I told (ok, yelled) that Vince go get the nurse. I got out of the tub with Vince’s help and contracted maybe four more times between the tub and the bed (about 15 feet). I laid down, and I was wild. They offered me nitrous, which I took, and then Jamie arrived. (They’d called her when I got in the tub around 4:20-4:30 and it as now 4:55 or so.) I was so relieved, and panicking at the same time. I told her (ok, yelled at her) that I needed to push. My nurses already had all the things ready for delivery, and Jamie, as she was suiting up, leaned her head down, glanced you know where, and said, “Well, go ahead!”

With James, pushing was this immense relief. The pain vanished and all I had to think about was pushing. This time was different. It was harder. It hurt. And after being in some kind of labor for 30 hours, I was exhausted. I told Vince I couldn’t do it. He reassured me that I could. I told Jamie I couldn’t, and she did the same. The nurses were telling me I was doing great, even though I felt unhinged. I felt like I’d lost it. I was a mess. I was vocalizing (my dragon roar) into the nitrous mask, and pushing when I contracted. Jamie told me to reach down and feel Sadie’s head, and I did, and it was amazing. But I had to keep pushing. It felt like hours. And then it suddenly felt like too much, and I gave up. I just roared my dragon roar, I didn’t push, and my encouraging, soft-spoken midwife had to get firm with me. “Lindsey, stop making noise and start pushing!”

So I did. She told me to do a sit up, so I did. I pushed. Vince was holding my hand, helping the nurse hold my leg, and talking to me in his calm, lovely way, encouraging me along.

And suddenly, the pain ceased, and I heard a beautiful, hearty cry. Sadie was here.

They laid her on me, squalling so strongly, and amidst my intense relief, I cried. For Sadie. For myself. For all the reasons and no reason at all. At 5:16 AM (pushing felt like hours, but it was really only around 10 minutes) Sadie Lynn was born, weighing 8 pounds and 5 ounces (20 ounces more than her older brother had) and measuring 20 inches long (1.25 inches shorter than James). My incredible midwife, Jamie, and my awesome nurses, Alisha and Chelsea, took care of both of us while I lay there, holding my baby, my husband by my side. He cut the cord. I made them show me the placenta. We laughed. It was over.

If you ask a text book, I was in active labor for about an hour. One single hour. If you ask me, I labored for 31 hours. Either way, on her due date, Sadie Lynn came screaming into the world, and now, one week later, I can’t imagine my life, or my family, without her.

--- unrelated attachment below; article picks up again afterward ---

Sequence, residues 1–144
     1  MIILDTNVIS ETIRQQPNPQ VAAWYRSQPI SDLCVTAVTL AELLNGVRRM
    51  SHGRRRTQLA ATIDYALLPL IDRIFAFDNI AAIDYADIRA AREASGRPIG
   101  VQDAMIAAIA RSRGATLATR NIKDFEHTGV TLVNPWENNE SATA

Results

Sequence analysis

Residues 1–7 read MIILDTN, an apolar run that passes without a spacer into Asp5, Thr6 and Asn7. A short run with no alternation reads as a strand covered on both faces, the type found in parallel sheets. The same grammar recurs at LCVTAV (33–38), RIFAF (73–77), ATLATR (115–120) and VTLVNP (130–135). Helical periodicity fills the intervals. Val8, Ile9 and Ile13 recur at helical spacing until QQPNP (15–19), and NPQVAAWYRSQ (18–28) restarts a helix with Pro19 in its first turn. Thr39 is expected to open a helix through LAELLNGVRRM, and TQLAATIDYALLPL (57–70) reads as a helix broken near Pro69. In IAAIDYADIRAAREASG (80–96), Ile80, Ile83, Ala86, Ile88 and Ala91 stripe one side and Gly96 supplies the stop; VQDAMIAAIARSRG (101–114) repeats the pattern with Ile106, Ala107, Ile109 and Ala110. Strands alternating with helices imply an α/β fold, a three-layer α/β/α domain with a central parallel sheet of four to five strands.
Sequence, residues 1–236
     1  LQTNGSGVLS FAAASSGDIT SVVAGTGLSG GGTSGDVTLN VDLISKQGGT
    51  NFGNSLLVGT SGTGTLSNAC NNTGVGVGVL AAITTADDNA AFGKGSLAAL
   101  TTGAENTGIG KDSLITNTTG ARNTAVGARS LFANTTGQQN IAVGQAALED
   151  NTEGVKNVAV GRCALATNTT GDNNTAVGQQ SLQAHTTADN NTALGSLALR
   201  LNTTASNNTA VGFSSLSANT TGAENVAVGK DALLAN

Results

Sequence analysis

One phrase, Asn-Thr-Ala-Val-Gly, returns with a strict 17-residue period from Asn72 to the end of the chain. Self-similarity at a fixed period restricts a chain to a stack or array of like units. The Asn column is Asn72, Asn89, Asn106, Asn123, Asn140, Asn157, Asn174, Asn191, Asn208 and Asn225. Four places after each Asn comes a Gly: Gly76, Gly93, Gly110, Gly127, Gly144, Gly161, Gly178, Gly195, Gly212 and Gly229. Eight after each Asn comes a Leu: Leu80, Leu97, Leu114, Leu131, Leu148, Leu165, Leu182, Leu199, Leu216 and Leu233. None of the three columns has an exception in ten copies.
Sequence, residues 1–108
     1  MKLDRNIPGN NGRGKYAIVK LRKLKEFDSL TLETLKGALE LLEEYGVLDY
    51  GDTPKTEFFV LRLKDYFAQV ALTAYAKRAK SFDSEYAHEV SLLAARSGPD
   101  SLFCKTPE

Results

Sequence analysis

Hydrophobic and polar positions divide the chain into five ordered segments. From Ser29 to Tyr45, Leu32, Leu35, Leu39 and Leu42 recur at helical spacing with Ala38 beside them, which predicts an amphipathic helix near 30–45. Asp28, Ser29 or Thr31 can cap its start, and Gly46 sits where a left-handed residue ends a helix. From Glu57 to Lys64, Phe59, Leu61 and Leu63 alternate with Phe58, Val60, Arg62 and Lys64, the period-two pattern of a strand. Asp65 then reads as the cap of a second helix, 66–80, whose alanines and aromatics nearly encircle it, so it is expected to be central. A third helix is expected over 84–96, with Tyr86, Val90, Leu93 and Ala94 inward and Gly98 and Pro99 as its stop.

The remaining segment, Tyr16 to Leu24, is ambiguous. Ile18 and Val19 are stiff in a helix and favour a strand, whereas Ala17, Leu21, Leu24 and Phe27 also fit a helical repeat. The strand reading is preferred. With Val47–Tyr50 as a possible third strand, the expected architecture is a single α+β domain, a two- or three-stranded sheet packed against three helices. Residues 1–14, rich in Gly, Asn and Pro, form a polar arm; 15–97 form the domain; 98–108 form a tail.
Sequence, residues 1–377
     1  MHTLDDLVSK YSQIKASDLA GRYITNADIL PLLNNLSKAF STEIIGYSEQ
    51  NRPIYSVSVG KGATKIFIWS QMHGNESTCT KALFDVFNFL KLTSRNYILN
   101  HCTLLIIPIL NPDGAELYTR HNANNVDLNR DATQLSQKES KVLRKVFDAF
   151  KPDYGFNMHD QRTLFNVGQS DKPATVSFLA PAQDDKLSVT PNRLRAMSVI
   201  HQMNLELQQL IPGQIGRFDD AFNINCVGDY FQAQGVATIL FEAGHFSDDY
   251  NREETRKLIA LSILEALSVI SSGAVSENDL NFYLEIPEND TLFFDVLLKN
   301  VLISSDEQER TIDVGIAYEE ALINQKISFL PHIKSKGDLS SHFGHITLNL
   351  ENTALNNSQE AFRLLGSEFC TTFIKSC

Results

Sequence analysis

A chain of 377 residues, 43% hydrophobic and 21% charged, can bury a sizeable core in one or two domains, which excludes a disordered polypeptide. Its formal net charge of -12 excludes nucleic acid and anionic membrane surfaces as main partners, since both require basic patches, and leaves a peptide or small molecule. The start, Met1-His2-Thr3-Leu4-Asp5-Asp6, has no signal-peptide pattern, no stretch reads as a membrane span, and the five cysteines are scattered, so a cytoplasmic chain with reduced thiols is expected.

My Joyfully Full, Utterly Broken Heart

Nearly every night before I go to bed, I sneak into my son’s bedroom and shine light on him to watch his sweet breaths for a moment. The panicky part of my mom brain does it to make sure he’s OK, that’s he’s alive and well, and the calm part of my mom brain does it just because I want to see him a moment more before I close my own eyes for the night. And while this little ritual is special to me every night, tonight it was very emotional for me, because when I wake in the morning, my baby will be a whole entire year old.

How can I describe what this feels like? Before James was born, I was terrified and excited. After he was born, I fell in love with this tiny human, and somehow managed to fall more and more and more in love with him every minute of every day. And now, I have this wellspring of love and memories inside me, and my heart is full and broken all at once.

Already I miss his sweet baby coos; I miss the feel of his swaddled newborn body as I struggled to stay awake and hold him; I miss his sweet little face and head shape before his surgery; I miss his first time rolling over, his first crawl, his first steps; I miss being in labor and the feeling–both physically and emotionally–the split second after he entered this world and they laid him on my chest.

And yet, I love my toddler (it’s even hard to type the word!). I love the way he walks to me, the way he flings his body toward me when I’m close enough with biggest smiles and sweetest laughs, the way he pulls at my legs and lifts his arms toward me, knowing I’ll scoop him up. I love how he buries his face into my shoulder and sighs. I love how he trusts that if I’m there, he can’t fall. I love the way he throws his arms up when I say, “How big are you? So big!” I love the sound of his voice as he says, “Dada.” I love this sweet toddler phase, even if he’s into everything and so sweetly wild.

So my heart is so joyfully full of how amazing my baby is and how amazing this life is with him, and it’s so utterly broken by the parts of motherhood that are gone forever with him.

I’m so grateful for my son. I’m so grateful that I get to be his mom. I’m so grateful for the last year, and I’m so looking forward to the next. But for the first time in my life, I understand the times my mommy and daddy have said that no matter how old I get, and no matter how far away I live, I will always be their baby, because James will ALWAYS be my baby. As he starts to talk, to walk, to go to school, to drive, to get married and have his own children, he will forever be my sweet baby who was born so very early on a Monday morning, who barely cried at all–until they took him away to weigh him–and who from the very start stared up at me with the biggest, most amazing blue eyes as if to say, “Hi mommy, we’re in this together now.”

James born
Moments after James was born.
James before 1
Moments after James was born.